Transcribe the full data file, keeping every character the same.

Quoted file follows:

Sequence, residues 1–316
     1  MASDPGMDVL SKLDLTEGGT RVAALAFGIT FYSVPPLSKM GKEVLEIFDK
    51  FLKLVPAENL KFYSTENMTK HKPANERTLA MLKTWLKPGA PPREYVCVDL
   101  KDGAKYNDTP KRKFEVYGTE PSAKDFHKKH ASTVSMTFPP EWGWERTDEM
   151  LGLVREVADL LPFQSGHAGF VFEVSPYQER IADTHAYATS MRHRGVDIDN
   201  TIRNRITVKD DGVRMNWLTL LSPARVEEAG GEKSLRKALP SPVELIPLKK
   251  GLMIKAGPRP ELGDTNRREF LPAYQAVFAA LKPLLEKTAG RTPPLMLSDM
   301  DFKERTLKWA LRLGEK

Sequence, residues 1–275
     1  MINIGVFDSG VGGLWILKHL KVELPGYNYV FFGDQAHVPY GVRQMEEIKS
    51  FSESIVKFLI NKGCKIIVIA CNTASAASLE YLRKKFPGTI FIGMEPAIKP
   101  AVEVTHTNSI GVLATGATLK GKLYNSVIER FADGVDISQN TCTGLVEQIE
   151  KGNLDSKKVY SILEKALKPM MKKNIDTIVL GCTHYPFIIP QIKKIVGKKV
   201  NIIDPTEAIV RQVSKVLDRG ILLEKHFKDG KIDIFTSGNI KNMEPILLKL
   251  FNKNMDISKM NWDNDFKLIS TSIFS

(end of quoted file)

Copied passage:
Sequence, residues 1–316
     1  MASDPGMDVL SKLDLTEGGT RVAALAFGIT FYSVPPLSKM GKEVLEIFDK
    51  FLKLVPAENL KFYSTENMTK HKPANERTLA MLKTWLKPGA PPREYVCVDL
   101  KDGAKYNDTP KRKFEVYGTE PSAKDFHKKH ASTVSMTFPP EWGWERTDEM
   151  LGLVREVADL LPFQSGHAGF VFEVSPYQER IADTHAYATS MRHRGVDIDN
   201  TIRNRITVKD DGVRMNWLTL LSPARVEEAG GEKSLRKALP SPVELIPLKK
   251  GLMIKAGPRP ELGDTNRREF LPAYQAVFAA LKPLLEKTAG RTPPLMLSDM
   301  DFKERTLKWA LRLGEK

Sequence, residues 1–275
     1  MINIGVFDSG VGGLWILKHL KVELPGYNYV FFGDQAHVPY GVRQMEEIKS
    51  FSESIVKFLI NKGCKIIVIA CNTASAASLE YLRKKFPGTI FIGMEPAIKP
   101  AVEVTHTNSI GVLATGATLK GKLYNSVIER FADGVDISQN TCTGLVEQIE
   151  KGNLDSKKVY SILEKALKPM MKKNIDTIVL GCTHYPFIIP QIKKIVGKKV
   201  NIIDPTEAIV RQVSKVLDRG ILLEKHFKDG KIDIFTSGNI KNMEPILLKL
   251  FNKNMDISKM NWDNDFKLIS TSIFS